With my father, it was the scene where she first faces Bill and his armed 밷odyguard?in his house. When you see the scene, you뭠l get it. I wasn뭪 particularly surprised by his comments given current conditions with his 밷odyguard?and their mutual violent adventures.

From others, I heard about 9 other 밼avorite moments.? In fact, I didn뭪 hear the same one twice. This is that sort of film. If you were turned off by the gore of the first film and found yourself wanting more of the 몎erbal?Tarantino dialogue?well, this is the film for you. It is a masterpiece. I뭭e been reporting on test screenings for going on 8 years now, I뭭e never heard of one with a standing ovation ?it was overwhelming ?like something you hear about, but never see. The film was that good.

How are the characters? Fantastic.

Michael Madsen is so fucking cool in this. If you뭭e seen Charles Bronson in MAGNIFICENT SEVEN telling those kids about the strength of their fathers? or even Jon Voight in RUNAWAY TRAIN, when he tells a reckless Eric Roberts that if he gets free, if he would get down on his knees and scrub the tiniest stain off the floor with a toothbrush and follow orders and get the sort of job a con can get, he should be thankful? Well, Madsen is that man. He뭩 a man that has such sins that he has given up that life, finding no warmth in it. Instead, he lives in a tiny trailer in front of a magnificent view? and at night he works as a bouncer at a shithole strip club being treated like crap by people he could snap like his fingers? but he takes it. He takes it and he goes home and he plays his records and chews his tobacco knowing this is the best he can ever hope for?and wow. He뭩 great.

David Carradine is going to amaze people. Nobody anywhere has seen him this good. When I saw him onstage with Tarantino at Quentin뭩 last film festival ?I knew there was the potential for magic. If you뭭e seen his Wild Bill in THE LONG RIDERS ?then you know that it wasn뭪 just stunt casting, that there was a purpose behind it. If you remember and like CIRCLE OF IRON ?there are some elements here that are just taken to such a higher level?that it just isn뭪 even funny. Quentin does wonders with David in this film. In fact, David has several of the best monologues you뭭e seen in a Quentin film here? His Peter & The Wolf style story of Pei Mei is a classic? His 밪uperman?monologue is also classic. I뭢 also particularly fond of the bit at Two Pines between him and 밫he Bride,?as well as the 밊ish?story. David is, I imagine, the perfect portrayal of Satan in many ways. He뭩 charismatic as can be, eloquent, deceitful, manipulative, smooth and treacherously deadly. He뭩 a bastard and he knows he뭩 a bastard and he뭩 fine with that. That you will mourn his passing is a testament to Quentin뭩 direction and to David뭩 performance.

Uma Thurman is amazing. The phrase, 밐ell hath no fury like a woman scorned,?has never been more true than when talking of her Beatrix Kiddo. She is amazing. The day she goes through beginning with her encounter with Madsen뭩 Budd till the end of the next chapter? WHEW! This is great stuff! Her time with Pei Mei? surprisingly affecting. In particular the relationship between Uma and Gordon Liu on screen is truly outstanding. I was surprised by the 뱓ough love?and 뱑espect?between the two of them. The payoffs on these scenes will elicit shrieking applause if you뭨e audience is anything like the one last night. Watching Uma and David together is magic. This isn뭪 nearly the action film of the first part, this is really getting down to the meat of the characters and their relationships.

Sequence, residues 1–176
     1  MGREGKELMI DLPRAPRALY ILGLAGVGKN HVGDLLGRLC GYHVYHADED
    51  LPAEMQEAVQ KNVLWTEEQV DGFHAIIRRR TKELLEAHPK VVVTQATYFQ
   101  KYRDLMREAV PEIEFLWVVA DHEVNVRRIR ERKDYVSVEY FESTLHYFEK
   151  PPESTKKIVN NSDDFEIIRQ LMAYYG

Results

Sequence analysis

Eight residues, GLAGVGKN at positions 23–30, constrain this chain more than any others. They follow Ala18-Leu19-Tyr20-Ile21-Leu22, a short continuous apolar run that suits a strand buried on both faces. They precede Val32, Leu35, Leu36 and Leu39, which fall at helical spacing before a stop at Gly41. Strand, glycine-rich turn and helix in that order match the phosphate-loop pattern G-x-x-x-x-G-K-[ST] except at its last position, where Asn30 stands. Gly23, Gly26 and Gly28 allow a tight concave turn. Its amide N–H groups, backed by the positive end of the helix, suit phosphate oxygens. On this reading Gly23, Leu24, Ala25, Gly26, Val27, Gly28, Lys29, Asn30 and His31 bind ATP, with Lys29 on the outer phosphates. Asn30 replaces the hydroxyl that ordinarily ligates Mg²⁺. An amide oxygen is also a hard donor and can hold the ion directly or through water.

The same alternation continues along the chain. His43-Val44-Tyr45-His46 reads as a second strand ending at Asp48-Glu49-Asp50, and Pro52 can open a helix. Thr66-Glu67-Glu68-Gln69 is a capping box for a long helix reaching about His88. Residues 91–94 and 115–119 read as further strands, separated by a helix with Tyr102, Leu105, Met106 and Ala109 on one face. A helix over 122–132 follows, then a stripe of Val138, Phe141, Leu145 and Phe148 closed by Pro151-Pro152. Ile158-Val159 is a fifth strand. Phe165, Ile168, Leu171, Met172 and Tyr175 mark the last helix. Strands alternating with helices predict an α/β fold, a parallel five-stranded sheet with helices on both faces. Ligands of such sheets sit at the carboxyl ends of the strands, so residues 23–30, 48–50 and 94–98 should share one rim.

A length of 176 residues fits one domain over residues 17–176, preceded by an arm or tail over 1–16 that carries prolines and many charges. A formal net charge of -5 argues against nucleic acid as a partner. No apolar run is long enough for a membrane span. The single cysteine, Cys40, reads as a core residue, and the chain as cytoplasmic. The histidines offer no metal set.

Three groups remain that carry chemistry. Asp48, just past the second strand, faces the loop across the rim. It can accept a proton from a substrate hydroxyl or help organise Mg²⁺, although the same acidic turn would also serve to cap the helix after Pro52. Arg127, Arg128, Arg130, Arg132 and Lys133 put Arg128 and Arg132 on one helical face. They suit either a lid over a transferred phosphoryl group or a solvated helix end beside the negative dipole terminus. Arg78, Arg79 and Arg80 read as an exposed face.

Gordon Liu? WOW. Pei Mei is a cinematic god. For anyone that ever even briefly flirted with love for Shaw Brother뭩 classics? You will be blown away. So much of it is in his eyes, his gestures and yeah?even the subtitles. Pei Mei is funny as hell, cruel, but with an incredibly powerful sense of purpose. The rice eating scene as Uma is attempting to use chopsticks with broken hands is particularly affecting. Great work.

Daryl Hannah is such a great fucking bitch in this thing. Elle is horrible, but because she would always be second. Her patent leather shiny eye-patch is cool as hell and man is she mean. She took on all the worst qualities of Bill -- this is the Loki to Uma뭩 Thor. Two Nordic Goddesses fathered by Bill뭩 Odin. When they fight? imagine if you will the fight scene between Sean Connery and Robert Shaw in the closed quarters of that train in FROM RUSSIA WITH LOVE? Now, give them the spacious environment of a white trash trailer smack dab in the desert outside Barstow ?and you뭠l begin to get it. This thing is an epic smack down. Right up there with Wayne and Victor MacLagen in THE QUIET MAN ?this is a rumble that can be felt over seven states and when it ends? I dare you not to clap. No fancy smanchy wirework here. This fight hurts deep tissue.

The music is wonderful. At the moment, I뭢 a bit dazed?trying to recall it all, but like the music of the first film, this thing will spend considerable time being played in your world most likely.

What is missing? Well ?you won뭪 see Bill뭩 fight with Michael Jai White which I described in detail from my China trip? I didn뭪 ask Quentin why he cut it out, instead, I understood. In this film it was more important that the audience like Bill, than fear his skill. Because it was more important how you feel about the end of the fight, than the anticipation of that fight. To that, it is a testament to how well Quentin understood what was truly important to the story. THAT BEING SAID, I can뭪 fucking wait to see that fight on the extras on a DVD!